A Monster: Painting machine from What a Way to Go.

A Monster: Painting machine from What a Way to Go.

BUNKER VISION

The Mainstream Gaze

One of the best ways to gauge how the mainstream views artists is by looking at the movies. Before people associated artists with money, artists were an exotic species. If an artist had any degree of success, they were a newspaper illustrator, or had a job with an ad agency. There Goes Susie (1934), Piccadilly Jim (1936), The Girl Next Door (1953), That Certain Feeling (1956), How to Murder Your Wife (1965), and The War Between Men and Women (1972) all feature a main character with an art-related day job. A parallel theme involved men of varying degrees of success running away to be an artist. Examples of this include The Moon and Sixpence (1942), An American in Paris (1951), The World of Suzie Wong (1960), The Rebel (1961), and The Age of Consent (1969). Sometimes they included both. In Artists and Models (1955) Dean Martin plays a down-on-his-luck painter whose neighbor (played by Dorothy Malone; a rare instance of a successful female artist in a film that early) is a successful comic book artist.

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The Horse’s Mouth


Artists on film are also famously eccentric. One of the best known mid-century films about an artist is The Horse’s Mouth (1958). This is the film that you’d use to play artist-cliché-bingo. Another famously eccentric artist is the lead character in Holy Matrimony (1943). Though living artists weren’t associated with money, dead artists often were. The Temporary Widow (1930), Christopher Bean (1933), and The Art of Love (1965) all share a theme of artists getting more valuable after they die. Living artists were also good for a tragedy. In Scarlet Street (1945) an artist suffers at the hands of con artists because he is presumed to be a wealthy painter. In The Light That Failed (1939) an artist is going blind. Artists could also signify that a down-at-the-heels gathering was intentionally bohemian, as happens in All That Heaven Allows (1955).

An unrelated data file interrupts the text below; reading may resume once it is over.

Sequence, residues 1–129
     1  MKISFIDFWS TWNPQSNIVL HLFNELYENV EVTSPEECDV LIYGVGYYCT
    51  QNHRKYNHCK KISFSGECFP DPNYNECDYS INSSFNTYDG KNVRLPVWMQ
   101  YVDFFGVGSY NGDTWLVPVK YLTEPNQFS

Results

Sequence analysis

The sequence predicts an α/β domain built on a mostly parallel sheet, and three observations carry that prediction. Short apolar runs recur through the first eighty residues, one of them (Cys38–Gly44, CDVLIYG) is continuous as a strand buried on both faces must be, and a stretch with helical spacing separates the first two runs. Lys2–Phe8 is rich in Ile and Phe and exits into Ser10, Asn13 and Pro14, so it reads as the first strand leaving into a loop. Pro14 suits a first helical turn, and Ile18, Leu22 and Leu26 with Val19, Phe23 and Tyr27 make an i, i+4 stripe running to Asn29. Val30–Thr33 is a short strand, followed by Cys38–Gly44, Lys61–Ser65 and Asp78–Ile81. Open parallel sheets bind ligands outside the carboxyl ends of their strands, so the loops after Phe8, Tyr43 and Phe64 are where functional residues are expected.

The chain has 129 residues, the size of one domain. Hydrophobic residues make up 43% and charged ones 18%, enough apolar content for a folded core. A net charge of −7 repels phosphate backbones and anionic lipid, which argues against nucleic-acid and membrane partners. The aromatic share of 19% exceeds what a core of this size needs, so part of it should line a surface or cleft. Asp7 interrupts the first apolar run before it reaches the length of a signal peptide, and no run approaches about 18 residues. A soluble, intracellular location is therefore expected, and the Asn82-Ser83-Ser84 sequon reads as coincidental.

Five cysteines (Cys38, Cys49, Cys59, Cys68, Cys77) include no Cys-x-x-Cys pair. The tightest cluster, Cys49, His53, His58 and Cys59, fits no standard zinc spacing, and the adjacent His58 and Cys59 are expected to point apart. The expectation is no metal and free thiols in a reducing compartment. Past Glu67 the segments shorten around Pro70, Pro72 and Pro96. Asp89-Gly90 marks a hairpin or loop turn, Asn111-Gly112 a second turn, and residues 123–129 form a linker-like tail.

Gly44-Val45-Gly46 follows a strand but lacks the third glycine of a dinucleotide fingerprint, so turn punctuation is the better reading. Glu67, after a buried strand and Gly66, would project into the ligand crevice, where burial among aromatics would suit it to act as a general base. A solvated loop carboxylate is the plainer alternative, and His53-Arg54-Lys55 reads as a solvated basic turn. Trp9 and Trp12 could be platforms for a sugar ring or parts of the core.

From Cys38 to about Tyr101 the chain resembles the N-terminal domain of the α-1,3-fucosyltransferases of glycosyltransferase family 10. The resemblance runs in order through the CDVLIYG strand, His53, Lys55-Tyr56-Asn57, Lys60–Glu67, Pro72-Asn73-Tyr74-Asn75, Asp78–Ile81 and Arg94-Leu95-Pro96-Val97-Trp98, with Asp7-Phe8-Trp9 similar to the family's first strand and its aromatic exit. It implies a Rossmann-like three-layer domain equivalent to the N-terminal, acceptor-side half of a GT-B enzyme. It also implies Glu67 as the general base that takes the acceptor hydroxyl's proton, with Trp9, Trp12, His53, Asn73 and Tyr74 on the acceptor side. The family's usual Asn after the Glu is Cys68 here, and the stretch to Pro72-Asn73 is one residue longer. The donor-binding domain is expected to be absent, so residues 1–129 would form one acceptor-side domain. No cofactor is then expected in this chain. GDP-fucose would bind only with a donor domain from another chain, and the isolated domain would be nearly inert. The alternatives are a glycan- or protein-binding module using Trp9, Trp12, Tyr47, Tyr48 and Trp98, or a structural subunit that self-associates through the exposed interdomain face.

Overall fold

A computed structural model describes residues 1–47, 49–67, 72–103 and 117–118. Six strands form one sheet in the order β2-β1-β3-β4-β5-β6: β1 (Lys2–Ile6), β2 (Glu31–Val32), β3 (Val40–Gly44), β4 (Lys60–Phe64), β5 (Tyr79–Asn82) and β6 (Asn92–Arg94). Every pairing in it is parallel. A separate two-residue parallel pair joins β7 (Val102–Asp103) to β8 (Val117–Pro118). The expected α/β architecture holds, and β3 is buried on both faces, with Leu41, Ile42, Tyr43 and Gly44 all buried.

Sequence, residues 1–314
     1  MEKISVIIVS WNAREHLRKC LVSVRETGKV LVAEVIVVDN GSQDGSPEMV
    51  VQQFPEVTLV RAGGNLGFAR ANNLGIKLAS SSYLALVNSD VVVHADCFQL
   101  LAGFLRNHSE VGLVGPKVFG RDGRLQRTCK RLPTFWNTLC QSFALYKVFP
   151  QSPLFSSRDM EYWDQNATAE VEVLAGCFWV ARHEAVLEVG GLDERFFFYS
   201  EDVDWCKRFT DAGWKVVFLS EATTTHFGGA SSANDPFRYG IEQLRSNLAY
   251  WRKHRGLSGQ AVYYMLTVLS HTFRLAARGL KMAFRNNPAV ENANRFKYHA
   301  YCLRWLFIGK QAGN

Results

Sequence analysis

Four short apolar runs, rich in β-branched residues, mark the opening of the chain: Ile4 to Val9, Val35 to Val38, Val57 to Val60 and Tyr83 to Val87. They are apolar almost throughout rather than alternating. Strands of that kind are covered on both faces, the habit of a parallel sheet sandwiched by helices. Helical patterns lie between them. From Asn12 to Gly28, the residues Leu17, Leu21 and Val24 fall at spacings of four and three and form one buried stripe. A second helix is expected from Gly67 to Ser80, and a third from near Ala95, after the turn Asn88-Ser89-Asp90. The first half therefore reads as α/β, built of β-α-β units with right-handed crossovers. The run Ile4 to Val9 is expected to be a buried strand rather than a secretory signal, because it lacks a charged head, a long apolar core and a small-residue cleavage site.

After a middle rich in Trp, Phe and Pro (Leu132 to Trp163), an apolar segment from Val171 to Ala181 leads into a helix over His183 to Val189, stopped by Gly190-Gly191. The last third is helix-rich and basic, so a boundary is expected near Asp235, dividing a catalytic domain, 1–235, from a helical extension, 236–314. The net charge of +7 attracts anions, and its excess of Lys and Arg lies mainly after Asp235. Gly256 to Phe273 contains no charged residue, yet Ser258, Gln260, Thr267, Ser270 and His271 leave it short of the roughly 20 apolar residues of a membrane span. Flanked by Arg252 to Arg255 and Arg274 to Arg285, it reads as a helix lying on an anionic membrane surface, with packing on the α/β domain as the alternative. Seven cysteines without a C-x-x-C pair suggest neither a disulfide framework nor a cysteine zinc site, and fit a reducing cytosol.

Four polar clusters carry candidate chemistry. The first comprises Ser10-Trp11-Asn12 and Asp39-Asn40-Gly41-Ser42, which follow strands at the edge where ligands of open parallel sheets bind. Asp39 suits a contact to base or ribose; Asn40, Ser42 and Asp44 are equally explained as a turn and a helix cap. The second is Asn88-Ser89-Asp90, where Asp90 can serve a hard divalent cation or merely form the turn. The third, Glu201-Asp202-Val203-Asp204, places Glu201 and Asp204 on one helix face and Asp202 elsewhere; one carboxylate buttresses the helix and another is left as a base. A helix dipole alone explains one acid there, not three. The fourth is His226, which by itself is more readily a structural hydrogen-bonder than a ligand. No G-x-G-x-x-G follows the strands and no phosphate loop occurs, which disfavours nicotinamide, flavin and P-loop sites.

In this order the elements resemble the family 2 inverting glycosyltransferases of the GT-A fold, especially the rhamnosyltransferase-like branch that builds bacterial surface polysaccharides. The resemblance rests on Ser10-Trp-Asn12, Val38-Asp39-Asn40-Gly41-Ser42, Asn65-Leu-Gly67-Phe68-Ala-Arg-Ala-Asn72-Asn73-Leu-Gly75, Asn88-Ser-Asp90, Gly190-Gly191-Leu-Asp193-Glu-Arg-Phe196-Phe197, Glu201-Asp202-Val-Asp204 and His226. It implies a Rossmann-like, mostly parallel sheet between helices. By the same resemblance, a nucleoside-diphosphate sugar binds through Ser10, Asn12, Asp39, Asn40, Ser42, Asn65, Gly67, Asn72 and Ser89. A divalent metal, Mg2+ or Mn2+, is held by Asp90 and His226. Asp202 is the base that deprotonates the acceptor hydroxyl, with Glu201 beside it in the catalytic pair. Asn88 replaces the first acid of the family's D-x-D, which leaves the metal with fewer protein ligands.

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Paul Newman in What a Way to Go.


Biopics of artists often tell us more about the time they were made than the story of the artist. Rembrandt got biopics in 1936, 1940 and 1942. Caravaggio got them in 1941, 1986 and 2007. If one is seeking a good movie for the Mystery Science Theatre treatment it’s hard to top Charlton Heston as Michelangelo in The Agony and the Ecstasy (1965). For sheer delight it’s Paul Newman’s portrayal of an artist in What a Way to Go (1964). After building a machine to paint for him (based on the sculptures of Jean Tinguely), he is killed by his own creation.


Since the 1980s when money collided with art and made it more interesting to the public, depictions of artists have been more nuanced. Three of the biggest names in ’80s art directed movies: Cindy Sherman, Robert Longo and Julian Schnabel. Schnabel even attempted to depict the art world in a film. As he becomes better regarded for making films than painting, there has been a shift in how this depiction is perceived. Many artists now consider his gaze to be… mainstream.